Applying 3D Computational Fluid Dynamics Techniques in Tank Agitator Design

Computational Fluid Dynamics and Tank Agitator Design (Part 2 of 4)

We hope you found Part 1 of our blog series on Computational Fluid Dynamics (CFD) helpful. In it, we discussed how computational fluid dynamics predicts flow patterns in both simple and complex geometries including mixing applications. The second part of our blog series on Computational Fluid Dynamics looks at the use of 3D CFD techniques in tank agitator design.

Significant Advances Made in Design and Use of Simulations for Stirred Tanks

One of the most common chemical plant operations involves agitation in a stirred tank.  This, however, presents one of greatest challenges in the use of computational fluid simulations.  Significant advances in the design and use of simulations for stirred tanks have overcome many of these challenges. Today’s 3D CFD techniques can be used to optimize the design of impellers, mechanical components and tank internals (i.e., baffles, coils).  This allows predicting process variables such as blend times or suspended solids cloud height.

While 3D Computational Fluid Dynamics has become an important tool in tank agitator design, it is most successfully applied by experienced engineers with in depth knowledge of applicable software, analysis tools, and mixing technology. Significant computing power is also required.

3D Computational Fluid Dynamics Techniques

2D computational fluid dynamics modeling, which had been commonly used in tank agitator design, required approximations to be made for mixing components that are not independent of the angular dimensions such as impellers, baffles and other internals.  This resulted in an approximation of the mixing flow pattern in the vertical plane.

Today, advancements in both modeling techniques and computational power have allowed routine use of 3D computational modeling.  3D modeling takes into account complete impeller geometry and its rotation in the vessel.  This has made it possible to analyze more complex impeller geometries with greater accuracy.

3D Computational Fluid Dynamics can be used to show mixing patterns from complex impeller geometries as illustrated below.  A commonly used 3D CFD analyses is a Velocity Contours Plot which shows the distribution of fluid velocity magnitude in the vessel.   This is used in conjunction with a Velocity Vector plot which provides a visual representation of fluid flow circulation, flow pattern and range of fluid velocities in the vessel.

The 3D CFD analysis shown is for ProQuip’s Doubly Pitched Axial Turbine Impeller design in a non-baffled tank.  This impeller is capable of providing top to bottom circulation of high viscosity fluids in a non-baffled vessel.  Figure 1 is a Velocity Contours plot for the Doubly Pitched Axial impeller.  Figure 2 is the Velocity Vector plot for this impeller.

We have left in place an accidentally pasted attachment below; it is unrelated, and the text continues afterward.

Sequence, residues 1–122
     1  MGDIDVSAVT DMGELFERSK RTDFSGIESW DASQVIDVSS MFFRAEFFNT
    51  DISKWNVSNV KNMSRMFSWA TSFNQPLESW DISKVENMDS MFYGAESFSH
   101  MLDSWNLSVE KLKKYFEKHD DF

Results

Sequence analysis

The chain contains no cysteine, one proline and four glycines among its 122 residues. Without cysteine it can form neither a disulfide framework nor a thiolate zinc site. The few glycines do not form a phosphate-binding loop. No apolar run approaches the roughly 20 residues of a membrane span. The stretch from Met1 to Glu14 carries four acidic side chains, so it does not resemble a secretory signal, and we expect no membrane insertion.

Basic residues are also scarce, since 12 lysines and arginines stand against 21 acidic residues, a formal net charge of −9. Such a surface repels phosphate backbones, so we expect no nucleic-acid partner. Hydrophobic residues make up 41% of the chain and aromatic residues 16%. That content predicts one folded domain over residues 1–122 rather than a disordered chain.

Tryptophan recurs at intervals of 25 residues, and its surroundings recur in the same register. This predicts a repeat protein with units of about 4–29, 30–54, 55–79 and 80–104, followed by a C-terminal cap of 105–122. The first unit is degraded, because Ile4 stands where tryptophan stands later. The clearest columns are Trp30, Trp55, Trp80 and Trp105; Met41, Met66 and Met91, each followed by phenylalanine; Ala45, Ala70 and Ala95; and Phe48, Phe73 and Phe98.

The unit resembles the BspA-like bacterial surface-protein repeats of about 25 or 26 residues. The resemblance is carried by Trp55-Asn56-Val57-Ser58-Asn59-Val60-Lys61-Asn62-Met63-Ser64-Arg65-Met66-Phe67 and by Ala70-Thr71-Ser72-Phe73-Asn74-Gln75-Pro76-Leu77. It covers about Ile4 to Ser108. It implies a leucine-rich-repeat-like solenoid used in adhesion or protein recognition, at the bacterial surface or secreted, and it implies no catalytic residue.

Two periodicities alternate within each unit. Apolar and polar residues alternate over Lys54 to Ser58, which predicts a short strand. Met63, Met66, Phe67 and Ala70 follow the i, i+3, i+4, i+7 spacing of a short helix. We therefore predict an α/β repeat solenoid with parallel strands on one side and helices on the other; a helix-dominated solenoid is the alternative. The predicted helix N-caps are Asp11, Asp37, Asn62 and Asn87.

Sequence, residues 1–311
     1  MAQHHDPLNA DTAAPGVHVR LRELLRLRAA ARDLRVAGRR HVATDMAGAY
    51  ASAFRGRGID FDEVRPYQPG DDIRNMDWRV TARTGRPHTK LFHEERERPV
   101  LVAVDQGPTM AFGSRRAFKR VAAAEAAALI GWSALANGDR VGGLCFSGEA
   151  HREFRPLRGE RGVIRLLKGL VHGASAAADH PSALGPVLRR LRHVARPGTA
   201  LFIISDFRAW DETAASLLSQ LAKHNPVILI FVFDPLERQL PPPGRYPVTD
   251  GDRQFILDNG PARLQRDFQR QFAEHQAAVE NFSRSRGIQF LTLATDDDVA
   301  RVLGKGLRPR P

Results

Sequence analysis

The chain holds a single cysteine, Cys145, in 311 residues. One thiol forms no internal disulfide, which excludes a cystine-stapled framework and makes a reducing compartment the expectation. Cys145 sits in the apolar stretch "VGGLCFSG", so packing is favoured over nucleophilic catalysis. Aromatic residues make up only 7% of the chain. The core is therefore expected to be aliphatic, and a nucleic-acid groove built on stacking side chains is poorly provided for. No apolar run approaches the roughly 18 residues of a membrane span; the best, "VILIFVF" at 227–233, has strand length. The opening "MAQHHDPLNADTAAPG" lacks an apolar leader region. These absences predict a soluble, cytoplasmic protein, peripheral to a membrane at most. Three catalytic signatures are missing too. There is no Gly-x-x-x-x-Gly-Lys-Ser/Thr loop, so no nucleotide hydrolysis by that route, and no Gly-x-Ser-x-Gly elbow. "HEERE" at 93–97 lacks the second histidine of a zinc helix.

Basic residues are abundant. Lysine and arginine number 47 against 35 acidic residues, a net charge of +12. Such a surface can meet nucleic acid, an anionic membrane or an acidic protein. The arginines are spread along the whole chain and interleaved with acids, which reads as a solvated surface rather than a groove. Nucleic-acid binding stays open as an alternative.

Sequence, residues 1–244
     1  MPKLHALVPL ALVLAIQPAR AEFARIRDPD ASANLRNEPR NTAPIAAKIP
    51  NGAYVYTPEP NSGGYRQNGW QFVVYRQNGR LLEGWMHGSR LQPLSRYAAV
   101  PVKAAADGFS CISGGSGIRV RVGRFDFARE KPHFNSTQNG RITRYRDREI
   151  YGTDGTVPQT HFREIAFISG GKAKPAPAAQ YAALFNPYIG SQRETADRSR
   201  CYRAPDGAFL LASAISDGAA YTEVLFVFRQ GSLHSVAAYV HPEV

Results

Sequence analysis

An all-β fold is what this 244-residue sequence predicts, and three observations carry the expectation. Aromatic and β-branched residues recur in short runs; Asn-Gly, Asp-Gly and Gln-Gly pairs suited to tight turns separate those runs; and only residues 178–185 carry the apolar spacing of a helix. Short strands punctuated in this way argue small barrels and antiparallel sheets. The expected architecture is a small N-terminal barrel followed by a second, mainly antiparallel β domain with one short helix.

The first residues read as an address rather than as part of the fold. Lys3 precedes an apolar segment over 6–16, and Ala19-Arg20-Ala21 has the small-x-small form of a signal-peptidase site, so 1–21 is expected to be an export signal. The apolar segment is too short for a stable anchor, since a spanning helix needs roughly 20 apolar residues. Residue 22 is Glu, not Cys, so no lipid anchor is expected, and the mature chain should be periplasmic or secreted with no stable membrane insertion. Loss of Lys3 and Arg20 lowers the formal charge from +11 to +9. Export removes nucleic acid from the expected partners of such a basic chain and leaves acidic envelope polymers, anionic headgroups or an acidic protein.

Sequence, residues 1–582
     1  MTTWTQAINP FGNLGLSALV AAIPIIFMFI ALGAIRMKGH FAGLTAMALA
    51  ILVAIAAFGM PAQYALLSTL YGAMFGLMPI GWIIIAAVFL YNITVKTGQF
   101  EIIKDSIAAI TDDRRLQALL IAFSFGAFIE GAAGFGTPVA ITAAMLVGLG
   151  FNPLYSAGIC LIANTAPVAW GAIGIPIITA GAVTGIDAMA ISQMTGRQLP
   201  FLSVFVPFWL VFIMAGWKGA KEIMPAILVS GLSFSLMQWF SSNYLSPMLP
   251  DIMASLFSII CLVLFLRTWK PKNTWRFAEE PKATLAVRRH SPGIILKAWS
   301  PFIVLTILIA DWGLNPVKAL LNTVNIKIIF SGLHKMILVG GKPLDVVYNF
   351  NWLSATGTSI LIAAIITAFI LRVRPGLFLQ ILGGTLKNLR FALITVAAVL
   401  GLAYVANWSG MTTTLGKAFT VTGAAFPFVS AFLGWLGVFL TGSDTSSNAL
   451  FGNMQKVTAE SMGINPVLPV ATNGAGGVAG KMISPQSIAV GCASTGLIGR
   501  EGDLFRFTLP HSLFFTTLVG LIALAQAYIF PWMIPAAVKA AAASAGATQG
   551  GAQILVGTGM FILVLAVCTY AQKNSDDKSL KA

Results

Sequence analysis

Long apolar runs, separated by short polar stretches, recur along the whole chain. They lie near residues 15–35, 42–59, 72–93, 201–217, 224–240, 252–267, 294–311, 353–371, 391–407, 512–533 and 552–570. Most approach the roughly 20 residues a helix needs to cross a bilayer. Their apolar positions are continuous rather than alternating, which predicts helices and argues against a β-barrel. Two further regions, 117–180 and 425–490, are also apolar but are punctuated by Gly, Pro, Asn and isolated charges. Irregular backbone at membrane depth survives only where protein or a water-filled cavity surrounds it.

Image of Computational Fluid Dynamics velocity contours plot with with ProQuip ProQuip Doubly Pitched Axial Impeller

Figure 1. Velocity contours plot with ProQuip ProQuip Doubly Pitched Axial Impeller.

 

Velocity vectors plot with with ProQuip ProQuip Doubly Pitched Axial Impeller

Figure 2. Velocity vectors plot with ProQuip ProQuip Doubly Pitched Axial Impeller.

 

For More Information About Computational Fluid Dynamics

For more information about how computational fluid dynamics can be utilized in your tank agitator design, look for Part 3 of our series on CFD, email ProQuip at applications@proquipinc.com or call us at 330-468-1850.

 

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Previous Blog Posts

Introduction to Computational Fluid Dynamics and Tank Agitator Design (Part 1 of CFD Series)

Open Impeller Design for Mixing Applications with Mid-Process Viscocity Changes

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Happy Fourth of July From ProQuip Industrial Agitators

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Are You Using the Right Tank Design for Your Industrial Mixing Application? (Part 3 – Emulsification, Gas Dispersion and Absorption, Crystallization and Heat Transfer)

Are You Using the Right Tank Design for Your Industrial Mixing Application? (Part 2 – Dispersion & Dissolution)

Are You Using the Right Tank Design for Your Industrial Mixing Application? (Part 1 – Solids Suspension & Liquid Blending)

Three Important Considerations for Mixing Biomaterials

How to Use Process Objectives to Compare Industrial Mixers

Should You Use Impeller Pumping Rate to Compare Industrial Mixers?

When to Use a Steady Bearing in Your Industrial Mixer Shaft Design

3 Reasons Steady Bearings are Not Used in Industrial Mixer Shaft Design

How to Prevent Fatigue Failure in the Gearbox Shaft of Your Industrial Mixer

5 Things to Consider When Designing an Industrial Mixer Shaft

How to Stop Your Industrial Mixer from Shaking

3 Ways Viscosity Affects Your Industrial Mixer Specifications and Mixing Process